A proposed training village in Atlanta has seen significant opposition among advocates of police reform.

Over the past year, opponents have criticized the city’s $90 million plan to build the Atlanta Public Safety Training Center, dubbing it “Cop City.”

Kurt Kastorf, a lawyer for the opponents, said Atlanta residents are concerned about the cost of the project and the way the police force has responded to misconduct claims.

“A lot of people have concerns about the nature of the training,” Kastorf said. “Is it effective? Is building a large facility in an affected community the most appropriate way of addressing the quality of policing?

“I think an additional concern with the notion of things like designed villages [is] there is a real concern, for a variety of reasons, that police are becoming increasingly militarized.”

Jim Bueermann, a retired police chief in Redlands, California, and president of Future Policing Strategies, a consulting firm, said Nassau is correct to emphasize de-escalation training in the new village.

“If all you do is tactical and active shooter orientation, that can reinforce in officers’ minds that that’s all they do — that they’re warriors, when in fact the really more advanced thinking of policing in this country is that cops are guardians in the community that have the ability to act warrior-like,” Bueermann said.

Nassau officials have planned the academy and training center for years. Officers since 2007 have trained in a former elementary school in Massapequa that police officials have called “antiquated and inadequate," with an annual rent of $700,000.

Nassau legislative Presiding Officer Richard Nicolello (R-New Hyde Park) said the slow pace of government stalled the new training space.

“You can always talk in a classroom about different scenarios and things, but putting it in a situation where they’re in a structure, or a house, an office and having them engage in that situation, I think it’s very valuable for them," he said.

Nassau County police call it a movable movie set, where trainees can respond to simulated crises they may be called to respond to, whether it's at the bank in Bethpage, a house of worship in Hicksville or a split-level home in Syosset.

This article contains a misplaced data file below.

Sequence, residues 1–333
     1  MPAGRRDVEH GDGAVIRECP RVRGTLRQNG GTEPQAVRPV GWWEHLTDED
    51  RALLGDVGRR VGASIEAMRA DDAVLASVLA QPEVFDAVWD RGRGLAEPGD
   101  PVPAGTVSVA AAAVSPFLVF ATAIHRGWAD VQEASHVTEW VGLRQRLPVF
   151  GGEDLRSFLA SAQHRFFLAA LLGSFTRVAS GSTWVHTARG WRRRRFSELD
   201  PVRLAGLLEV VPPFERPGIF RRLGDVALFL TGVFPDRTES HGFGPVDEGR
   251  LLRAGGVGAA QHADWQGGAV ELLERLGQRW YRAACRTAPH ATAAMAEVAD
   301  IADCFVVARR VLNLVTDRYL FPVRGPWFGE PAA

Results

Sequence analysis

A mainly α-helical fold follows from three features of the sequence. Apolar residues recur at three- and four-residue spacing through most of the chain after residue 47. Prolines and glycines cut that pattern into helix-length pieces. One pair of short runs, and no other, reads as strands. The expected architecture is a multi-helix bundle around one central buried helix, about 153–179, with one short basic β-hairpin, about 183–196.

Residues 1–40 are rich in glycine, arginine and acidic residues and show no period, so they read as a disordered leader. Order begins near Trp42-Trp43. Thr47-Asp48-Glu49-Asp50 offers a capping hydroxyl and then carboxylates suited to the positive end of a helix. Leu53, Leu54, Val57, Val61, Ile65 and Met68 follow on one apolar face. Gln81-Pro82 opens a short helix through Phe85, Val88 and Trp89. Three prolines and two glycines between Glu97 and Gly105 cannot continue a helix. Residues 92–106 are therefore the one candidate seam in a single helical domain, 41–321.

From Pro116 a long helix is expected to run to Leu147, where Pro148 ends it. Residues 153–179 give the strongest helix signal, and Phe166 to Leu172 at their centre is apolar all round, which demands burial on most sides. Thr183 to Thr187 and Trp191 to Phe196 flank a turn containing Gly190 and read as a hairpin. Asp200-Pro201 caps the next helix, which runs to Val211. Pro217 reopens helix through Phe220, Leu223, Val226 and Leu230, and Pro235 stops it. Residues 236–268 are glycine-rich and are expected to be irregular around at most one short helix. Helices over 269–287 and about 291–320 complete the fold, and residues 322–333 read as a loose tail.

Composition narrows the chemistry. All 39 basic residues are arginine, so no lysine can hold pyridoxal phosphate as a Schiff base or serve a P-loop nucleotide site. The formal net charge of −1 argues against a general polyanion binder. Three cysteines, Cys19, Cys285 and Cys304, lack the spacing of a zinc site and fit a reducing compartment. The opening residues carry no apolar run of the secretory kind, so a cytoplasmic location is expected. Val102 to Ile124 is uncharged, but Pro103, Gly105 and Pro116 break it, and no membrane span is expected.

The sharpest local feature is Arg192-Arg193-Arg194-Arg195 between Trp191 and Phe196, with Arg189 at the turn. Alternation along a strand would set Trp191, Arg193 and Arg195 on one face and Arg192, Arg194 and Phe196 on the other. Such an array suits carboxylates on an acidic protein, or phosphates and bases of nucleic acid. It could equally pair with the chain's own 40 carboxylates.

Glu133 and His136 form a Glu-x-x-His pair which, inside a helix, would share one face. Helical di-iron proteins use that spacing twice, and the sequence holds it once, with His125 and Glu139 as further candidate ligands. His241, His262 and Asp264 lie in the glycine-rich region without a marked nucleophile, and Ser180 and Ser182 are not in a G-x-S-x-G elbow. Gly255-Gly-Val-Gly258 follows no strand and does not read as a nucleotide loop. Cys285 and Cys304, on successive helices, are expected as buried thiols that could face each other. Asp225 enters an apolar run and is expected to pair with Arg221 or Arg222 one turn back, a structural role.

Their planned $11.7 million “police training village,” at the department's 89,000-square-foot, $54 million academy and intelligence center that opened in 2021 at Nassau Community College in Uniondale, can be rearranged into restaurants, bars, school buildings and more to train officers for critical situations.

The additional investment puts Nassau in a growing number of police forces that have opened training or tactical villages to prepare for incidents, including the increasing threat of mass shootings in public spaces.

Critics say it reflects a tendency to over-police and heightens the perception of militarized cops. Since the murder of George Floyd in May 2020 by a Minneapolis police officer, police reform advocates have called for municipalities to invest more into social services.

WHAT TO KNOW

  • Nassau County is planning an $11.7 million “police training village” at the department's 89,000-square-foot, $54 million academy and intelligence center that opened in 2021 at Nassau Community College.
  • The mock village can be rearranged into restaurants, bars, school buildings and more to train officers for critical situations such as mass shootings in public places.
  • Critics say the plan reflects a tendency to over-police and heightens the perception of militarized cops.

Nassau officials said the training will promote aspects of police reform, including de-escalation tactics, and serve as education for NCC students who can observe the training and ask questions.

The village will “put cops in real-life scenarios that they never get to do until they’re actually in that moment,” Nassau police Commissioner Patrick Ryder told members of the Nassau Interim Finance Authority on July 13.

NIFA approved the county's contract with Metro Group of Long Island Inc. to build the training village. A groundbreaking is set for Sept. 28.

Ryder said the county will not refer to it as a “tactical” center and will emphasize “de-escalation” strategies to recruits. Live weapons will not be fired there.

County Executive Bruce Blakeman said the training village will promote "cultural sensitivity."

“When it comes to the houses of worship, to the extent that it's possible, we try to teach our police officers how to deal with different communities and the sensitivities they may have," Blakeman said. "For instance, if you're doing an investigation in a Muslim mosque, you would typically want your police officers — if it's something they have time to do — to take their shoes off and be respectful in that manner.”